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NATIONAL HOCKEY LEAGUE MEDIA CONFERENCE
May 24, 2007
DAVID KEON: With us we have Anaheim Coach Randy Carlyle, who has taken the Ducks to Western Conference Finals in both years behind the Anaheim bench coaching his first Stanley Cup Final.
Q. How did your playing days and maybe specifically any time you had in Pittsburgh help to shape you as a coach?
COACH RANDY CARLYLE: Well, I think as a coach, you try to take some of the positives that your previous coaches had impacted on your career. Like Eddie Johnson was a guy that brought in a power play sequence when I was in Pittsburgh as a player that worked along the same lines as a basketball picking system.
And it took the NHL officials a while to figure out what we were doing with it. But I think we scored 109 power play goals that year with it. Stuff like that.
I think you always look back on some of the things and experiences that you had as a player positively or negatively. There's just some things I won't do because as a player I hated doing them.
And I think it's important but you can analyze which ones your team likes versus what you did personally. And I think that's important, also.
Q. Some captains put their stamp on the team. Others don't. Can you describe Scott Niedermayer's impact on this team?
COACH RANDY CARLYLE: It's huge. Obviously a player of that caliber has the ability to play the huge minutes. I think the one thing that you can say about Scott Niedermayer, he has a calming effect to your group. When things get a little hairy, and they always do at certain times, he has the ability to just slow down the tempo or speed up the tempo at the right time.
He's not a very loud boisterous individual. You see the way he plays. He's very unassuming in the way he handles himself. But I would say that the number one asset for him as a person, with our group, he has the ability to calm things down and calm people down in tense situations.
Q. Do you think he got that by being in the finals four times?
COACH RANDY CARLYLE: I think it's all part of the experience. I think if you know his personality, that doesn't change because he's been in the finals. I think it's just the type of person he is. Obviously being there and lived it, when he does make statements, it carries a lot of weight. And as I said he's not a real huge talker, but he's an individual that when he talks it carries a lot of weight. That's for sure.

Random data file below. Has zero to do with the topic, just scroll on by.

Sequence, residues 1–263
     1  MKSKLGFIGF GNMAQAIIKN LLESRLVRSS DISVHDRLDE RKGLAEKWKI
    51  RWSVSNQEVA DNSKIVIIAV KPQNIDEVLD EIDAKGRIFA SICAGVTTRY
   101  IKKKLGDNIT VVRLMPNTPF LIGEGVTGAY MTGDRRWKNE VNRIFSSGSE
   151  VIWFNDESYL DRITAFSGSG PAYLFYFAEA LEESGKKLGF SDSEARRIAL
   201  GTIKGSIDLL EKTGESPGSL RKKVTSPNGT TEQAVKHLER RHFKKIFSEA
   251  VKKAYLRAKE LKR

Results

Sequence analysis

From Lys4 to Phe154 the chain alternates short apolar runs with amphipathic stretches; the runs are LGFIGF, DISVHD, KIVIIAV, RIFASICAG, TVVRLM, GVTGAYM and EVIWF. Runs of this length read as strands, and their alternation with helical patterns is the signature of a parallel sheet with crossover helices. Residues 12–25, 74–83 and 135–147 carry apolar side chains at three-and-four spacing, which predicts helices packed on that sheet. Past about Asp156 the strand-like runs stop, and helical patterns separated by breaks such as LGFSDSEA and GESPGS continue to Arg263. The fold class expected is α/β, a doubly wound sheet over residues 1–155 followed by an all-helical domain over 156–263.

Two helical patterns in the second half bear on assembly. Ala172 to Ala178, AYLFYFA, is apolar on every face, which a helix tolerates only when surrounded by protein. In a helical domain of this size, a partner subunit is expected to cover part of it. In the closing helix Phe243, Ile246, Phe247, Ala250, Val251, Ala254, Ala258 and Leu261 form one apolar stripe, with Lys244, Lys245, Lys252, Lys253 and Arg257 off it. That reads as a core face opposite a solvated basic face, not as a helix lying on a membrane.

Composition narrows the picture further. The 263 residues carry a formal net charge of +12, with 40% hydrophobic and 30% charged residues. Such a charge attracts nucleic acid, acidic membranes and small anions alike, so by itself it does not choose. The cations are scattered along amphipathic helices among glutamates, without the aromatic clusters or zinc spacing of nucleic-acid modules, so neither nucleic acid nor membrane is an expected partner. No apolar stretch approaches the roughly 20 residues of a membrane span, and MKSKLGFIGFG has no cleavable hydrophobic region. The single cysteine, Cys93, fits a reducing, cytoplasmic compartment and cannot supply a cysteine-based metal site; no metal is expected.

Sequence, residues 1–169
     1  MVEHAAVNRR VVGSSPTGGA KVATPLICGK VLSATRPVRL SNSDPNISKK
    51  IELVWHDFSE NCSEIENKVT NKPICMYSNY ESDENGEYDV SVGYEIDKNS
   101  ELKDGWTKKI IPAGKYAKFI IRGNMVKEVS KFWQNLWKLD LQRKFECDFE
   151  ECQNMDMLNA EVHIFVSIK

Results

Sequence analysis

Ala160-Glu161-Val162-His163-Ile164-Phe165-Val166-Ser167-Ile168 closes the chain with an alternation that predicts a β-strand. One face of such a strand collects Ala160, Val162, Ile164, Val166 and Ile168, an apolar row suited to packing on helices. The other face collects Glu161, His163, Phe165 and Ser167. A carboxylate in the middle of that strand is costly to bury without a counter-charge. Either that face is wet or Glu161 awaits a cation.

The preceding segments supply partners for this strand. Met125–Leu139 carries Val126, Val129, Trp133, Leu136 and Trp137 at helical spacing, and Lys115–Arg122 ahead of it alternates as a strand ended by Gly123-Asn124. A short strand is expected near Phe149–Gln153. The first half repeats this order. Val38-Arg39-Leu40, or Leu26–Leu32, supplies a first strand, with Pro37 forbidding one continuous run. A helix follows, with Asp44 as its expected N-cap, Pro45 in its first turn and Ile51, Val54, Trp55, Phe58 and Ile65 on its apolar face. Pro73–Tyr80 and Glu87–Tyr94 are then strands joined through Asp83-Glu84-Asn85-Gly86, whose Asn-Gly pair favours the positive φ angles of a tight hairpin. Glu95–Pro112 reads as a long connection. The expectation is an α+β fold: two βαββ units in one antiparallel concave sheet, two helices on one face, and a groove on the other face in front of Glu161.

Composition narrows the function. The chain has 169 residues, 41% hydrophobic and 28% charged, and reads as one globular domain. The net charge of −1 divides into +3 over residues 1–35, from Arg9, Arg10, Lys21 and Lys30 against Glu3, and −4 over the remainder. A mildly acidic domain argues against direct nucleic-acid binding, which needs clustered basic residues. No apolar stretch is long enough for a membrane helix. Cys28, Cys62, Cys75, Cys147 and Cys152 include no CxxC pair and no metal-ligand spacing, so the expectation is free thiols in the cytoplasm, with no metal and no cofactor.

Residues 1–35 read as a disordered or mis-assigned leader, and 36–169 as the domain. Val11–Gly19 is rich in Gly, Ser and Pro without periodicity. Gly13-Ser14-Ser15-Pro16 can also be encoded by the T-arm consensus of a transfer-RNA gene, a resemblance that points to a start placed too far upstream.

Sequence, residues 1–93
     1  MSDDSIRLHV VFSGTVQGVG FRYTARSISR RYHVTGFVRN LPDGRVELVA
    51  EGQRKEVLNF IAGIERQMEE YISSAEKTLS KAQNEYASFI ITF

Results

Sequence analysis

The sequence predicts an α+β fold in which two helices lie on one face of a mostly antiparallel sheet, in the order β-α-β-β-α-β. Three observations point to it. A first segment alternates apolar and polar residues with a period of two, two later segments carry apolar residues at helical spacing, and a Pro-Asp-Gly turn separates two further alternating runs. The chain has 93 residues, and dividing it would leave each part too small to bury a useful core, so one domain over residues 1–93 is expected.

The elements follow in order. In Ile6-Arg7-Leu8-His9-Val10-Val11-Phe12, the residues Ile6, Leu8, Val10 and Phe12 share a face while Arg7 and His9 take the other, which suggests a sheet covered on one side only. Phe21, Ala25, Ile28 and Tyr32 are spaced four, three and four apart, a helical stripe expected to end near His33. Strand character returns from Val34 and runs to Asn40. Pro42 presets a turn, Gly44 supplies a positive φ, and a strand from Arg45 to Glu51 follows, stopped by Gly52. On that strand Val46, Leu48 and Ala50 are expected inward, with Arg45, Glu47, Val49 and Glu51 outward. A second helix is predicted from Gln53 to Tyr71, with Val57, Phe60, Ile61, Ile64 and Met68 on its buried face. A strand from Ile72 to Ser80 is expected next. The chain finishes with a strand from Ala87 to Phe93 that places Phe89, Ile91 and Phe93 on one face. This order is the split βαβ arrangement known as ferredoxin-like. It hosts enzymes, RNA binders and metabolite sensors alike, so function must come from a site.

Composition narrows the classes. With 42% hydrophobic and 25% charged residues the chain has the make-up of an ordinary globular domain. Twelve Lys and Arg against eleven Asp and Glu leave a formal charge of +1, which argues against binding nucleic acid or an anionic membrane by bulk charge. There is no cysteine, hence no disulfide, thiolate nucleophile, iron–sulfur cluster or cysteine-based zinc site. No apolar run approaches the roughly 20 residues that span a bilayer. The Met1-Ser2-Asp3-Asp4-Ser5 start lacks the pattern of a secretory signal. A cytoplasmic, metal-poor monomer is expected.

Q. Randy, what are the advantages and disadvantages of being a top-heavy team with one principal scoring line, as Ottawa seems to have right now?
COACH RANDY CARLYLE: I don't think they're top heavy so to say. I think they've got lots of balance in their lineup. Obviously the Spezza, Heatley and Alfredsson has statistically led them through this playoff series so far.
But they've got lots of depth in their hockey club. They've got lots of skill on the back end. I don't think that they're what I would describe as a one-line hockey club. I think they've got lots of fire power.
Q. Could you comment, please, on Ottawa's power play. Certainly have big three up front and then they have Redden and Corvo on the blue line. What's your impression, what's the scouting report on that power play?
COACH RANDY CARLYLE: Obviously they've got lots of skill. I think they use Redden as their quarterback. He's the guy that dishes the puck off. They've got Spezza on the sidewall. Heatley is a big body in front of the net, moves in and out. And Alfredsson, I don't know if there's a more dynamic player right now at this time of the year than what he's brought to the table.
Obviously with Redden in the back end, Corvo is a shooter. He's more of a guy that can shoot the puck. He's got a big-time shot.
So they've got all their weapons and they move it around very, very effectively. What you have to do with them is there's times to pressure and there's times not to. You've got to keep that thing tight. Try to push them outside of the shooting lanes and keep things to the outside. It's a difficult task and they've had lots of success so far in the playoffs.
Q. The situation with not having played Ottawa this year, not having played them here since I think 2003, we were just listening to Daniel Alfredsson on the previous call here, remarkably sounded like he had never watched Chris Pronger play hockey almost before. Can you talk about that total lack of familiarity that exists with these series now?